Tips for New Astronomers #1

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What can you see with your telescope?

  • The Moon: The Moon is a favorite target that will show great detail in virtually every telescope. You will see features on the Moon such as  craters, mountains , seas and a number of other details. The Full Moon is never a good time to observe the Moon as you will not see details due to the brightness and due to the Moon facing directly towards the Sun.The first and last quarter of the Moon is always a good time as the Moon is lit from an angle where you are able to see much more detail.
  • Mercury: Mercury is a planet which is hard to see as it tends to never get far enough away from the Sun for decent observing. When you do see Mercury through a scope, you will most likely only see what phase the planet is in…… no detail.
  • Venus: Venus is similar to Mercury in that it is also fairly close to the Sun and hard to see at times. But when visible you will see it easily as it is a very bright planet at the best of times. You will probably only see the phase of this planet too as it’s surface details are covered by a dense atmosphere.
  • Mars: Mars is easily seen even using small  telescopes. However you need to wait for it to get close to Earth to see any details on it. Unfortunately this period lasts only a few months every few years. Mars is a small planet so don’t be disappointed if you fail to see any details like the polar ice caps or surface markings when it is close to Earth.
  • Jupiter: Jupiter is the planet that will give you the most detail .On any given night you should be able to see cloud bands as well as the four Galilean Moons. You may even see the Great Red Spot if you have a powerful enough telescope.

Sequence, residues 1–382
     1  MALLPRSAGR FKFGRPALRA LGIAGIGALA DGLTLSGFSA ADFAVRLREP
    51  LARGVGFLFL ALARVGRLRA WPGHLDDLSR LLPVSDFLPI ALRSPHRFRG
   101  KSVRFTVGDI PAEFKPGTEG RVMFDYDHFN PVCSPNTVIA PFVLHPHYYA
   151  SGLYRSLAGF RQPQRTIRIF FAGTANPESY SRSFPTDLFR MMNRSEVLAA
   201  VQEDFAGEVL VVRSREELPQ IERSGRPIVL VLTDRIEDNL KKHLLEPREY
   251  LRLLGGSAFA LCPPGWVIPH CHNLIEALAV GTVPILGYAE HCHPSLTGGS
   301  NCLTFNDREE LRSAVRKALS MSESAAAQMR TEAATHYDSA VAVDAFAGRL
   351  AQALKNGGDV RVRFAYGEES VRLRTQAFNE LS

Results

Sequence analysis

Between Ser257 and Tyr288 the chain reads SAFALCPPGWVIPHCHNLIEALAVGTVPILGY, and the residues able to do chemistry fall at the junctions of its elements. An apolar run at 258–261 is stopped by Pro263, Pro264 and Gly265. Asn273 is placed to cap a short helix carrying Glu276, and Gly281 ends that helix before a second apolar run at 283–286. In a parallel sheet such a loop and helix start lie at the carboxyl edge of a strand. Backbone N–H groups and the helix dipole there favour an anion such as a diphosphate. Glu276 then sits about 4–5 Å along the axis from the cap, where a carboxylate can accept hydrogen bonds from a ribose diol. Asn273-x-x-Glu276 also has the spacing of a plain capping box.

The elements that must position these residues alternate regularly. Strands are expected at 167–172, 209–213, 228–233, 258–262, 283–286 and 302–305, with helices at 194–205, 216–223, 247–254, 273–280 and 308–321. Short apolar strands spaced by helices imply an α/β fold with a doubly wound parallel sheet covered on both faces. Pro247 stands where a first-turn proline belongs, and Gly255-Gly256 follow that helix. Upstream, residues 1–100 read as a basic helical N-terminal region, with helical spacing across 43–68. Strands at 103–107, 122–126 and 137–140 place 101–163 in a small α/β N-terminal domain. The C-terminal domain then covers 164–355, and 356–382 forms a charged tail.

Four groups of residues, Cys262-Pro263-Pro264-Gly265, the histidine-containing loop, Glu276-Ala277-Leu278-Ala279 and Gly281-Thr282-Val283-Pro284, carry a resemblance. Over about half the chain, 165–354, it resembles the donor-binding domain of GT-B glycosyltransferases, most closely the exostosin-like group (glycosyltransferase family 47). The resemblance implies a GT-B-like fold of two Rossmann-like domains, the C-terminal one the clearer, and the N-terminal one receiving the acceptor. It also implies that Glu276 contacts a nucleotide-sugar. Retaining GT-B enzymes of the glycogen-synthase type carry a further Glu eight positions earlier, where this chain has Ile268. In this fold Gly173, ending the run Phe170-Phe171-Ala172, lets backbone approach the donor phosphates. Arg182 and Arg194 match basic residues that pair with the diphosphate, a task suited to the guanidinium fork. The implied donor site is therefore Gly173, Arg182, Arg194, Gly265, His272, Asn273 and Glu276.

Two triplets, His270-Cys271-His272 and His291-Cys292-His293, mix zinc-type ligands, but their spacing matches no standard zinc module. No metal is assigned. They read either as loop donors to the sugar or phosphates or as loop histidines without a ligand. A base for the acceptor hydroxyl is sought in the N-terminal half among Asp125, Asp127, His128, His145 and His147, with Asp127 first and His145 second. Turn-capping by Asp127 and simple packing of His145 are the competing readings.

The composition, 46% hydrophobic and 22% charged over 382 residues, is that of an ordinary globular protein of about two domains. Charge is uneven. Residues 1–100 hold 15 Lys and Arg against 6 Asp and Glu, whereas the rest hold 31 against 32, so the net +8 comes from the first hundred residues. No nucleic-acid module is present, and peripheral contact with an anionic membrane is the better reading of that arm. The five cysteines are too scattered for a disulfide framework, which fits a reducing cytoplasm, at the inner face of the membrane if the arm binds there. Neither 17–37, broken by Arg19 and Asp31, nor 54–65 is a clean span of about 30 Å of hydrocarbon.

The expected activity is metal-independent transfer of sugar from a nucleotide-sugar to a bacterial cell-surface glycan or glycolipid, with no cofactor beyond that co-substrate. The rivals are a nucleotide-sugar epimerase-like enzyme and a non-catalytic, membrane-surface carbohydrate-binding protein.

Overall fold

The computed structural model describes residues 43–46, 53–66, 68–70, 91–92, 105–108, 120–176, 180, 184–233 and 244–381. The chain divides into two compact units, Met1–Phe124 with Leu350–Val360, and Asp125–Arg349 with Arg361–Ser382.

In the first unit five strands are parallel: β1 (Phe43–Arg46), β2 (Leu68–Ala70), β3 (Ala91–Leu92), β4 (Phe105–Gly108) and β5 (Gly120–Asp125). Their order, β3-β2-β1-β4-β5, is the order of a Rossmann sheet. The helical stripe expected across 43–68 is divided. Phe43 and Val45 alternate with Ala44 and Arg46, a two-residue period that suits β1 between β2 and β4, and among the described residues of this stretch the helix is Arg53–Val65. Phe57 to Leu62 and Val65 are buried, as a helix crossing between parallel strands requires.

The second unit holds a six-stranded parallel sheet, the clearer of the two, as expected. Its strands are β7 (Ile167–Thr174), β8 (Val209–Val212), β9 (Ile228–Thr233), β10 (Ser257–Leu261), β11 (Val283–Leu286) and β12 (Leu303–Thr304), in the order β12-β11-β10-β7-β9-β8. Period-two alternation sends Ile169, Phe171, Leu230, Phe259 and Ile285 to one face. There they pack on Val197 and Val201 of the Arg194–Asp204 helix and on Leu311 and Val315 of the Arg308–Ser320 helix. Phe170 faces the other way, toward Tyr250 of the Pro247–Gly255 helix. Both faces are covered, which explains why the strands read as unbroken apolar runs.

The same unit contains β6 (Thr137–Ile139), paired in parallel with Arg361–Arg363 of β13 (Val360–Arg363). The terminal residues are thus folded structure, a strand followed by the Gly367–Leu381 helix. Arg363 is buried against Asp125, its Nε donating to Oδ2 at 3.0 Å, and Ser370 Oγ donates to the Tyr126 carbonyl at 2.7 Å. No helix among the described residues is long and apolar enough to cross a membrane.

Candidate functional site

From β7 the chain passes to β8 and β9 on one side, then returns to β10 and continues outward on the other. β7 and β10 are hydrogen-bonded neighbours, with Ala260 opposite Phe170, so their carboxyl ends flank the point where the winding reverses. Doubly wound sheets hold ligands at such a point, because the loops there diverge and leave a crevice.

• Saturn: You should be able to see the rings of Saturn but it will be difficult to get a large view of the planet even under larger magnifications.. Look closely and see if you can pick up any of the subtle cloud bands on Saturn. Also look for it’s largest moon Titan which you will see as a dot near to the planet.
  • Uranus: You should be able to spot Uranus once you learn how to find it. When you look through your scope it will appear as a small green dot of light. Uranus is too far away to see any details.
  • Neptune: You should also be able to see Neptune as well on really good nights and this planet will look like a small blue dot  among a field of stars. Look for the color when searching for Neptune.
  • Pluto: You have no hope of spotting Pluto with a small telescope and you would need at least an 8 inch telescope in a dark sky. Even then, Pluto would only be visible as very faint dot among the stars.
  • Stars: Stars  will look brighter in a telescope but they will not look any larger as the stars are too far away.
  • Deep Sky Objects: You can also view “deep sky” objects such as galaxies, star clusters, nebulae, and double stars. But your view of these will depend on light pollution in your area as well as transparency of the atmosphere. When looking at galaxies and nebulae you will most likely see them as fuzzy patches of light in your telescope. Star clusters are great targets for those who have even small telescopes.

~ by sydneystargazers on June 30, 2010.

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